Steven Reiss and the 16 Human Desires, part two

In my last post, I looked at eight of the 16 Human Desires identified by psychologist Steven Reiss.

Here are eight more.

Physical activity

Have you ever seen a pair of 8-year-olds beat the holy hell out of each other for fun? What about two 48-year-olds sitting around for 12 hours on a Sunday, watching football? We LOVE physical activity, no matter whether we’re engaging in it, or we’re watching others do the same.


The desire for power is closely related to the desire to be in control. We want to be on top of the heap—both because of the status it gives us, and because of the feeling we get when we’re there. (Heck, even kids sing “I’m the king of the castle, and you’re the dirty rascal.”)


Sex as a reproductive act—that’s a physical need. Love, as in “belonging?” That’s also one of Maslow’s needs, remember?

But everybody loves romance. You might like a bouquet of roses or a car door that gets opened for you. Or you might like the thought of being pursued or the way your partner puts on nice clothes just for you.


If you’ve never had the joy of watching a squirrel collect acorns and bury them all over the neighborhood—well, frankly, you’re living in the wrong neighborhood.

But you’re also sadly missing the chance to reflect on our own desire to collect. Fact: we get a lot of joy out of collecting things, whether those things are cigars or Swarovski crystals or books or vintage automobiles or ex-wives.

Social contact

Quick—think of the worst punishment you could receive in prison. It’s solitary confinement, right?

But why is 23 hours a day in a cell by yourself so horrible? Because, a few exceptions aside, we like to be around other people from time to time.


Here’s another place where Maslow and Reiss are on the same page—humans want friends. We want to be in groups. And we want those friends and groups to think we’re successful, or cool, or someone to be imitated.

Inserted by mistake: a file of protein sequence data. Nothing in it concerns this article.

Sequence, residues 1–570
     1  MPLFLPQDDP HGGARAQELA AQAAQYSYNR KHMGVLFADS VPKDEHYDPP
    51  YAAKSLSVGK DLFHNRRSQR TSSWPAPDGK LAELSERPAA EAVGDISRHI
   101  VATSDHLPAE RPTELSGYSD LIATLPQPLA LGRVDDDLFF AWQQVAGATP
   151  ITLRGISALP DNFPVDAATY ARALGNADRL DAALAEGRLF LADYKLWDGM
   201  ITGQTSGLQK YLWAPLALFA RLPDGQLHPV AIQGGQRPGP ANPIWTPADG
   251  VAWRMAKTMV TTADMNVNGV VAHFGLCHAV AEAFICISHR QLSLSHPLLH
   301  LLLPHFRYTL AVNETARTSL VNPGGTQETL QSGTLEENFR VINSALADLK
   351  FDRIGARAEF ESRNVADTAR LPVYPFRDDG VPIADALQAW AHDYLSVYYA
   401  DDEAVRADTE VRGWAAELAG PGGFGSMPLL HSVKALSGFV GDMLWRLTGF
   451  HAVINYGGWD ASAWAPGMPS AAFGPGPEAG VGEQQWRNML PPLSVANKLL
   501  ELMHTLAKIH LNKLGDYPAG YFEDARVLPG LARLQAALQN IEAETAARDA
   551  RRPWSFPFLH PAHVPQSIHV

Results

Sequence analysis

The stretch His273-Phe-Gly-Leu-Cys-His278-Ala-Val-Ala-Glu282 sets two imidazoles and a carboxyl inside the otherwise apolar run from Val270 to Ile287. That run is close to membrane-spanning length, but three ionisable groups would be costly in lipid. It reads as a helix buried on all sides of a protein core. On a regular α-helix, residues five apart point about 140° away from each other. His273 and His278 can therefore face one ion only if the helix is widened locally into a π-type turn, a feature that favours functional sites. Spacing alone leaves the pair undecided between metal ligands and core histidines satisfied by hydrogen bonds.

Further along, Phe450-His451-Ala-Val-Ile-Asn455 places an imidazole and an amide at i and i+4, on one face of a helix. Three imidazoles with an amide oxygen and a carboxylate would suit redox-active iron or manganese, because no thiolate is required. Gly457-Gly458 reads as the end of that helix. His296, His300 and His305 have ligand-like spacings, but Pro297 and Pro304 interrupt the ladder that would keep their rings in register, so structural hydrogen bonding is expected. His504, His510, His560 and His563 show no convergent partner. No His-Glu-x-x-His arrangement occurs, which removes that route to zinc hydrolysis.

Once we have friends and belong to groups, we seek the esteem of others that will help us gain status. (As an aside, you should listen to Frank Zappa’s “Status Back Baby.” Pretty funny.)


Listen, what’s that?


That’s peace, my friend.

Wasn’t that refreshing?

Seriously, maybe it’s just me, but when the kids are yelling, and there’s music playing, and my wife is asking me a question, and the dogs are barking…

It’s time to meditate. Calmaté, ese, everybody loves tranquility.


Ewwwww. Vengeance is ugly.

But it’s inescapable. The desire for revenge lives in every one of us.

Sometimes when somebody wrongs us, it’s enough to hear them say they’re sorry. Sometimes we pursue legal action—using the system that our society set up to give us revenge in an “acceptable” fashion.

And sometimes we make a big bowl of popcorn and watch a revenge fantasy like Keanu Reeves in John Wick, or Liam Neeson in Taken, or we read The Count of Monte Cristo or hell, even Beowulf.

Yep, we want revenge so much, so often, that it seeped into our entertainment hundreds or even thousands of years ago—and it ain’t going anywhere soon.

What’s next?

So now, between this post and the last, you have a list of Reiss’ 16 human desires and—just like with Maslow—you can think about which of them your offer is speaking to.

But I’ll talk more about that in my next post.

Steven Reiss and the 16 Human Desires, part one
Steven Reiss and the 16 Human Desires, part two
Steve Reiss in the real world

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